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The interesting Politics SE question To what extent can a government control satellite internet compared to internet from a local ISP? asks from the perspective of politics and international law, but here I'd like to ask about technology.

The jamming of short wave radio news broadcasts has a long and colorful story, but there are several differences between that technology and blocking satellite constellation-based internet access.

Those satellites will be transmitting tens of watts only, and only over distances of hundreds of kilometers.

However signals will take advantage of a far wider bandwidth than a voiced news broadcast over AM radio and utilize substantial error correction and spread-spectrum techniques.

Also, unlike short wave reception of yester-century, the far-shorter wavelengths used by satellites mean that reception antennas can be quite directional. Compact, flat, computer-steered phased array receivers will soon become commonplace.

Question: What is the technical feasibility of a country at least partially preventing use of internet from satellite constellations? Consider blocking for large cities or population centers as one example of partial blocking.

update: @lijat points out that prevention doesn't have to be jamming, it can also take the form of detection/prosecution since conventional internet protocol use requires bidirectional communication; to get something using a satellite server (or whatever they are called), you have to request it and probably do some other handshaking.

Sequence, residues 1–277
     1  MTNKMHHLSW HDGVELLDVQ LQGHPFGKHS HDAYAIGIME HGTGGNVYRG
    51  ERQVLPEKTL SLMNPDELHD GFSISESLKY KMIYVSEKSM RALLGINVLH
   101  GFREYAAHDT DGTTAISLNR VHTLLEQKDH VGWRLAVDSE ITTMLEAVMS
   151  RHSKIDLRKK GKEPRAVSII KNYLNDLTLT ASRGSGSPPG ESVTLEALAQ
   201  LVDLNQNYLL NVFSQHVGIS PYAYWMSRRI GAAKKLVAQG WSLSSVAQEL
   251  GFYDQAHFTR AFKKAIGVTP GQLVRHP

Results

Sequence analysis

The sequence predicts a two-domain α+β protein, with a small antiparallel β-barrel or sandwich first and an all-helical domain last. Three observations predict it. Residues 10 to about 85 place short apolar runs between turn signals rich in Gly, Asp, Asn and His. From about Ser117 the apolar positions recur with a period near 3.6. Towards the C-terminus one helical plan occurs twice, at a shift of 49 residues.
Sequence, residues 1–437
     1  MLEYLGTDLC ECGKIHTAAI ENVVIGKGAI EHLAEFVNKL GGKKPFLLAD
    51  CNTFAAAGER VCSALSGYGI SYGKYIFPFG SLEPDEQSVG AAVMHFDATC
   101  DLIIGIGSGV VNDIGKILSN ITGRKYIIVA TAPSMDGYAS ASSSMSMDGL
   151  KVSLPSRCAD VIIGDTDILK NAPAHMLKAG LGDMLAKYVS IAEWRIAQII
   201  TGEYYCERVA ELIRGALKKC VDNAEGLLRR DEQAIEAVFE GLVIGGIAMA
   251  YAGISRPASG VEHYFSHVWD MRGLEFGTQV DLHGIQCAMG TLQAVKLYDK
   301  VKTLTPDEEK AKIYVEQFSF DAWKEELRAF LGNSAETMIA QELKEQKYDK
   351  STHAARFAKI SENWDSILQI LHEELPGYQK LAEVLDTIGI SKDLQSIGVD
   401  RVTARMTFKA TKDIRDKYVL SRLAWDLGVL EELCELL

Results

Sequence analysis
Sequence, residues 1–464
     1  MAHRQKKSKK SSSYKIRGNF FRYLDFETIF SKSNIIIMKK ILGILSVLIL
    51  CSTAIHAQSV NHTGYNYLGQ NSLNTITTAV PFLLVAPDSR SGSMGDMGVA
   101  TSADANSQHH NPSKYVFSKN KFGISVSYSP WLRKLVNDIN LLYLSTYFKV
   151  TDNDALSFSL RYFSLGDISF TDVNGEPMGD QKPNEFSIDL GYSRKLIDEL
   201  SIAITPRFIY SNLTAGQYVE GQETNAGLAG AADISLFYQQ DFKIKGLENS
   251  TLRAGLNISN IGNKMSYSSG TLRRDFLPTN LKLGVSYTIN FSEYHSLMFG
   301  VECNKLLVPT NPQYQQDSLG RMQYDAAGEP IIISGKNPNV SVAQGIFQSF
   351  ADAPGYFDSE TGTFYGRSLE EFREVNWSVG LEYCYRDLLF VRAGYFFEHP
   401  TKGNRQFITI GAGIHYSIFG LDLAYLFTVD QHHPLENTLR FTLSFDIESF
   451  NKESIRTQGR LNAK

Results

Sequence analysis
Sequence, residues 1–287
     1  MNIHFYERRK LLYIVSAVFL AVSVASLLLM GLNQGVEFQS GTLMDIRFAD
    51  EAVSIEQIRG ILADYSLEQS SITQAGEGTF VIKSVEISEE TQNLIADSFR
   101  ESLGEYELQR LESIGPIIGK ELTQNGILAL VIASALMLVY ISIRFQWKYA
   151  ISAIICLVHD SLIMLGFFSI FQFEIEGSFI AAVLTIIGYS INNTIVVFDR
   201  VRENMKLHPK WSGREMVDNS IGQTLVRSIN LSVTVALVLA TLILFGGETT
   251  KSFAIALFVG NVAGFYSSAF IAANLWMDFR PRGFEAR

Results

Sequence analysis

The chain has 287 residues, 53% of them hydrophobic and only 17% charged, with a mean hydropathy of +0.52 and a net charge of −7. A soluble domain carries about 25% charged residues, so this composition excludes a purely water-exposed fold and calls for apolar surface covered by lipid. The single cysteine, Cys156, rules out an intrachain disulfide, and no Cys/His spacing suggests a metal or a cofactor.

Ideally, an answer should be based on citable studies or basic engineering principles (e.g. power-bandwidth product) rather than oratory or generalizations.

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    $\begingroup$ In 1994 Iran banned satellite dishes, so people could not access foreign TV & news services. Also the destruction of 100,000 dishes in 2016 indicates it is difficult to prevent people from using satellite communications. It seems the Iranians have not been able to jam the satellite signals & have resorted to a ban on owning communications hardware. Also this $\endgroup$ – Fred Nov 1 at 3:05
  • $\begingroup$ @Fred really interesting links, thanks! $\endgroup$ – uhoh Nov 1 at 5:14
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    $\begingroup$ Any reason you are focusing on jamming rather than detecting and prosecuting users? The later should be simple as users have to send to the sattelites as well as receiving. $\endgroup$ – lijat Nov 1 at 5:41
  • $\begingroup$ @lijat that is a good point and I hadn't thought of that. The ground links can be mobile (on a truck, car, motorcycle, backpack or even quadcopter with WiFi to ground) so a detection and identification system would be quite a challenge to effectively implement. But I think you are right, I should open it up to interventions beyond jamming. I've made an edit. Thanks! $\endgroup$ – uhoh Nov 1 at 5:51
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    $\begingroup$ Not technically related, but culturally: during the cold war East Germany could watch "West-TV" and the East German govt made it illegal to watch. Which of course didn't stop East Germans to watch "West-TV". Apart from two regions in which reception was technically not possible... en.wikipedia.org/wiki/Tal_der_Ahnungslosen $\endgroup$ – user2705196 Nov 2 at 13:11